When it comes to the outlook for productivity growth we are hopeful, for a few reasons. The economy continues to make progress on moving up the value-add chain in terms of our commodity exports, and it is perhaps under-appreciated how this is now flowing through to our terms of trade and incomes.
The economy continues to rank strongly in measures of international competitiveness and ease of doing business. And the negative impact of natural disasters, which undoubtedly must have had an impact on the efficient allocation of capital, should also start to wane.
But greater investment in capital will likely be necessary to deliver a labour productivity dividend. New Zealand’s ratio of capital to labour has effectively been unchanged since 2010. In economist parlance, there has been no ‘capital deepening’ in contrast to the prior 10 years where the ratio grew at an average pace of 2.0 per cent a year.
It means the labour productivity growth which has been experienced over recent years has effectively been driven entirely by multi-factor productivity. That is impressive on its own way but unlikely to be sustainable without further capital investment.
Fortunately, the stars are now aligning for exactly that.
A tight labour market will force firms to look at alternatives. Firms continue to report it is extremely difficult to find skilled staff. While the unemployment rate could of course fall further, it is more about the skills labour possesses rather than the number of workers per se.
That is a harder problem to solve, and could see firms look at other ways to expand capacity, ie through capital investment and automation. We are certainly hearing anecdotes to that effect.
The relative price of labour and capital should start to shift. One clear reason why the ratio of capital to labour hasn’t risen is it has been relatively cheap to throw labour at the problem of increasing output rather than take the risk of capital investment.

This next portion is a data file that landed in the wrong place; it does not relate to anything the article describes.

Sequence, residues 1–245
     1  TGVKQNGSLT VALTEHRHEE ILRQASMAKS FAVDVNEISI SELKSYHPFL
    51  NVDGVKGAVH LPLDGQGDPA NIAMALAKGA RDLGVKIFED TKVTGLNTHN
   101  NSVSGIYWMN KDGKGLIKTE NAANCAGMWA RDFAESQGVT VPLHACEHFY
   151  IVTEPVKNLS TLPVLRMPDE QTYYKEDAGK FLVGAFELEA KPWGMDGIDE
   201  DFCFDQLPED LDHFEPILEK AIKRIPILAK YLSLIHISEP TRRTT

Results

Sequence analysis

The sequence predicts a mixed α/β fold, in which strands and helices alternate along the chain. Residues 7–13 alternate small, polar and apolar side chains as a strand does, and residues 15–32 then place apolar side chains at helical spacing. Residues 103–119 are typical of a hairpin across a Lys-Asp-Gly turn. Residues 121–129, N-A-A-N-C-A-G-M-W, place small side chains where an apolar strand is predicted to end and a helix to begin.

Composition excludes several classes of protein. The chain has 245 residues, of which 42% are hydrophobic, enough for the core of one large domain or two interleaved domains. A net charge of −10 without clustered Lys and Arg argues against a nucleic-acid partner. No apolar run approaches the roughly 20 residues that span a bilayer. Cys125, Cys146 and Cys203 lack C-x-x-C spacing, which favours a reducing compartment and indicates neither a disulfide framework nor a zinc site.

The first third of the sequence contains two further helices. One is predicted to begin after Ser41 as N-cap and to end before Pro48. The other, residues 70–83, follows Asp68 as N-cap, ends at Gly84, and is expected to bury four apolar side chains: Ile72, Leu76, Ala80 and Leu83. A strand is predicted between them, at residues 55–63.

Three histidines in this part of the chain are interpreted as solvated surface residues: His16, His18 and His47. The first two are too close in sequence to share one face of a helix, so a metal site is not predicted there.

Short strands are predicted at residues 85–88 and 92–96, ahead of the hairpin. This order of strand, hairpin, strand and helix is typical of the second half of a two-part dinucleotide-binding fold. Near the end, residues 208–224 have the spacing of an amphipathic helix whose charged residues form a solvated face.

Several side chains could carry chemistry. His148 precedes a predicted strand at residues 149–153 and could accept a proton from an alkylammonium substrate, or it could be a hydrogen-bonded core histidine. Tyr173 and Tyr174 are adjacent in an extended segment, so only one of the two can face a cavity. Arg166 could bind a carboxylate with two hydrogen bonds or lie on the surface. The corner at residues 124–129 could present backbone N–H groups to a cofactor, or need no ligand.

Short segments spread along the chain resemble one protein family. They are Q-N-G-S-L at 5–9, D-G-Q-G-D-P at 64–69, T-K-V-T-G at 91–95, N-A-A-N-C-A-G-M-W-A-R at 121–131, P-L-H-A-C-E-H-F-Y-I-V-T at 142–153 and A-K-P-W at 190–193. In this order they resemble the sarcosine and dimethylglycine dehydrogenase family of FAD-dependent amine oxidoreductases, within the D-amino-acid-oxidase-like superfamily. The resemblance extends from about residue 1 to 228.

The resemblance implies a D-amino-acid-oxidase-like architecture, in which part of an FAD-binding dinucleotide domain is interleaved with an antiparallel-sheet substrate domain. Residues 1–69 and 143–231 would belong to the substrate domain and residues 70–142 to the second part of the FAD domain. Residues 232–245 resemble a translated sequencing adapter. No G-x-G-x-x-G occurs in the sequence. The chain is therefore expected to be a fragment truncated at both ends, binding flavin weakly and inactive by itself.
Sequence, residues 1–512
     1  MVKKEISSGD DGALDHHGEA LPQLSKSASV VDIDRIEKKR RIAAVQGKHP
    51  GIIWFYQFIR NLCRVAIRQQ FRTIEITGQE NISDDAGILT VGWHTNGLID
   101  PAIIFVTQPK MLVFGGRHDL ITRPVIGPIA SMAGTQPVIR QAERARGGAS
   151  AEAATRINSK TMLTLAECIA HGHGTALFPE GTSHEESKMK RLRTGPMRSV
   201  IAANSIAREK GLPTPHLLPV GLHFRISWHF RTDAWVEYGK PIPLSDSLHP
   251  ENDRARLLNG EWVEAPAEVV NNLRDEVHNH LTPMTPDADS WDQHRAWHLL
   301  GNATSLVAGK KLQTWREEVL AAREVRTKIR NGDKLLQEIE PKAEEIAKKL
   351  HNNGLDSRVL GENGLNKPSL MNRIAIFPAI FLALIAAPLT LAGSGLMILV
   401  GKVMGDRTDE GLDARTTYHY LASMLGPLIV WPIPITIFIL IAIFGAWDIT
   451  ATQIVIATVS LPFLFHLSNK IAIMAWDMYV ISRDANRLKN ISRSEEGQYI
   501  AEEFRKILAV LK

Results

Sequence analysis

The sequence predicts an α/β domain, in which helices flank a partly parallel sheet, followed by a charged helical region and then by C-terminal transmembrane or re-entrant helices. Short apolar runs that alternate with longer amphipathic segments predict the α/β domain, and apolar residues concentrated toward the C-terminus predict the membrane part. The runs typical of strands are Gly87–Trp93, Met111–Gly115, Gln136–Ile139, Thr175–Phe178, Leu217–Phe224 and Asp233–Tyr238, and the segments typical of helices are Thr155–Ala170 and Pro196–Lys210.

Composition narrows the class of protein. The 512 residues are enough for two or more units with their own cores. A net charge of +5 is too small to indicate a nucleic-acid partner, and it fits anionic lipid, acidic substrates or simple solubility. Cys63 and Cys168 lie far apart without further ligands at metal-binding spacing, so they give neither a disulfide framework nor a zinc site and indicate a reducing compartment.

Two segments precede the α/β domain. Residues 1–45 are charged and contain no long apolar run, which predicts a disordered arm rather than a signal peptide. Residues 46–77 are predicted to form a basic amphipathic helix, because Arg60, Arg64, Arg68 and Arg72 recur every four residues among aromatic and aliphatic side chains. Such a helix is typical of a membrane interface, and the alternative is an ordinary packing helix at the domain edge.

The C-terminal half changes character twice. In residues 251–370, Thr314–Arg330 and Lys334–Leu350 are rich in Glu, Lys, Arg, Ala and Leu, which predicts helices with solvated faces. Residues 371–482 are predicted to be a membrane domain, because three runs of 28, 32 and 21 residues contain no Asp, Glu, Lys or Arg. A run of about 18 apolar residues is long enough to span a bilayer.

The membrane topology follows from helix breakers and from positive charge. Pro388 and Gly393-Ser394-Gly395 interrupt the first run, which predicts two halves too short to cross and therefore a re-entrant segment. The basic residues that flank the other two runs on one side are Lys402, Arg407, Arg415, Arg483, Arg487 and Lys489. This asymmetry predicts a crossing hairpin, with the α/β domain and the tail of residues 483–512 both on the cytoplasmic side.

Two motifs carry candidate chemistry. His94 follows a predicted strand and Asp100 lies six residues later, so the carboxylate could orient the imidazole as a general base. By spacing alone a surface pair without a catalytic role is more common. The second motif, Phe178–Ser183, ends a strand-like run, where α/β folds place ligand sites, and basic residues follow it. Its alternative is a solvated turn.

With tentative signs wage growth is starting to rise (due to both policy changes and a tight labour market) the attractiveness of capital investment should increase. The elevated $NZ should help too, by making imported capital equipment cheaper.
Although surveyed business confidence took a hit after the election, we are picking up a vibe of ‘just getting on with it’. The risk profile around the near-term growth picture doesn’t appear as negatively skewed as it was.
The broader outlook for the economy, while not expected to hit the pace of growth experienced over 2015/16, should still be solid, providing firms with the confidence to continue to put cash to work.
Finally, while some of the changes the new government are considering should perhaps assist: redirectly investment from housing to more productive assets and re-introducing tax credits for research and development.
In one sense, revisions to historical productivity statistics don’t ‘matter’ in they don’t change a thing about how well off we are at this point in time. We can all feel a bit better about ourselves.
In a broader sense, productivity growth is everything in terms of economic growth which improves lives over the long run. It’s good to hear we have been working smarter as well as harder but with the economy and labour market starting to hit its physical limits, the ‘smarter’ bit needs to take a step up. That needs better tools.
Philip Borkin is Senior Economist at ANZ